TSMC and Micron face more pressure on chip industry as water crisis in Taiwan now at red alert
By Stuart Thomas on March 25th, 2021 at 12:47pm - original article from game-debate

There is currently a major water crisis going on in Taiwan as a significant drop in rainfall last year has resulted in a drought across the country. The Taiwanese government has now issued a red alert on Wednesday, the first in 6 years, and it could have the potential to seriously affect some of the biggest chip makers in the world at a time when global chip shortages have reached a “crisis point”.

The Taiwanese government has revealed plans to limit access to water for non-industrial users 2 days a week after they warned their water supplies are running dangerously low. The restrictions do not currently affect Taiwanese semiconductor manufacturers like TSMC and Micron, but they have potential to in the future if things don’t get better.

Semiconductor facilities like TSMC and Micron rely heavily on large supplies of water in their wafer production, and at a time where everyone is clamoring for computer chips across the globe already, this would put an even more unprecedented amount of strain on the industry.

The good news is that Taiwan apparently has enough water reserves in order to support technology companies like TSMC and Micron until late May, which should help them operate just as usual without any issues. This will also be the time when the drier months of the Winter season usually get better with seasonal rains, and should help to replenish water supplies that have been depleted during that time.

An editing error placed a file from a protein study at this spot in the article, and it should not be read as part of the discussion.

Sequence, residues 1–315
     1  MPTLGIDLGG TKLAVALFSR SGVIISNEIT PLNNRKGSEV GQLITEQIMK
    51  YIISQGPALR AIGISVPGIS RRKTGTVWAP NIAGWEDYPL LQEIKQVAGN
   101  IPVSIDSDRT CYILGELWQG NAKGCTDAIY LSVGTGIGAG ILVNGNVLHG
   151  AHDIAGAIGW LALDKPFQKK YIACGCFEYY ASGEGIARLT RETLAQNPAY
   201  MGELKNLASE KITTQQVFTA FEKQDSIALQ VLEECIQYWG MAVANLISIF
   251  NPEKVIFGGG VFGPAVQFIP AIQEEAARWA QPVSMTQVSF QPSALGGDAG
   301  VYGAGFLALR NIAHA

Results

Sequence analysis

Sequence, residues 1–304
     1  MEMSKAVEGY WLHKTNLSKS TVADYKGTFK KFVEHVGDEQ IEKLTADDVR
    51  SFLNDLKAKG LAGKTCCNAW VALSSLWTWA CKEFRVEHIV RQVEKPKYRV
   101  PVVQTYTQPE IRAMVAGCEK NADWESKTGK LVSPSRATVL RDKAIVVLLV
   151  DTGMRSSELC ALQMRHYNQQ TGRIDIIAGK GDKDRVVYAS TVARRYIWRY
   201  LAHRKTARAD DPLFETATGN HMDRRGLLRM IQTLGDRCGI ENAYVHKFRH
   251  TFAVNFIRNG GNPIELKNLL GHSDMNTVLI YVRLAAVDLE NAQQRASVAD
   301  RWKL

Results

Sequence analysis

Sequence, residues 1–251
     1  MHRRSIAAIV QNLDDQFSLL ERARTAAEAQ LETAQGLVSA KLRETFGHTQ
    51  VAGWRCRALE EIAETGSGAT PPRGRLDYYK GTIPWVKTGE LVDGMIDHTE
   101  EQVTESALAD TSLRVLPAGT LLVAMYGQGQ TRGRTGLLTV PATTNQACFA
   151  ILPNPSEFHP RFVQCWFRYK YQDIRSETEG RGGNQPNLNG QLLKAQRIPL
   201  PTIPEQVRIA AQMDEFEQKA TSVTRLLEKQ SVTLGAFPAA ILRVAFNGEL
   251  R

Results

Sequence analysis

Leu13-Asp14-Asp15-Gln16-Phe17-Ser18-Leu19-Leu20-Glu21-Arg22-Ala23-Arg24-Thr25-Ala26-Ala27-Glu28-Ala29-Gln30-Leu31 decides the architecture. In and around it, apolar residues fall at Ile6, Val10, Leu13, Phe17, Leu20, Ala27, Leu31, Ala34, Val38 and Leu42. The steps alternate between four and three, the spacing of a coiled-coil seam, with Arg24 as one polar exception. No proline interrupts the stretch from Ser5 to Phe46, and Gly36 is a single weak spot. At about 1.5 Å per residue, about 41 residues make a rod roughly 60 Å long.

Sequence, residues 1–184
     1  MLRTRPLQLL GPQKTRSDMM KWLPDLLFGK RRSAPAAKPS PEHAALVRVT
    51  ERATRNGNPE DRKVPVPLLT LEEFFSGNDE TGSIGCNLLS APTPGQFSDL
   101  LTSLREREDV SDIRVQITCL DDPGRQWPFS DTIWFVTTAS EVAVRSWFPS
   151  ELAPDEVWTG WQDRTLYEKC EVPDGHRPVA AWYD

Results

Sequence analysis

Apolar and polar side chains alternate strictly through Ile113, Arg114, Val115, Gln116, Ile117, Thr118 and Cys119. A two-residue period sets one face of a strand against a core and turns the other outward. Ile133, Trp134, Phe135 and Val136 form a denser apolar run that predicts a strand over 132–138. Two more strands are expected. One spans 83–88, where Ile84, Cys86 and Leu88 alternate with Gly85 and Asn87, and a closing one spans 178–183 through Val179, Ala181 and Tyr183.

But if that for some reason doesn’t happen, we could be facing a potentially worse global chip shortage than we are now that will affect the likes of Intel, AMD, Nvidia, Apple etc., and which has already affected graphics card prices for a second time. 

Thankfully Intel is planning a $20 billion investment into a contract foundry that will make chips for other companies - a first for the Blue Team - in order to help combat the chip crisis.

What do you think? How could this affect the PC hardware industry? And how could it affect the electronics/technology industry in general? Let us know!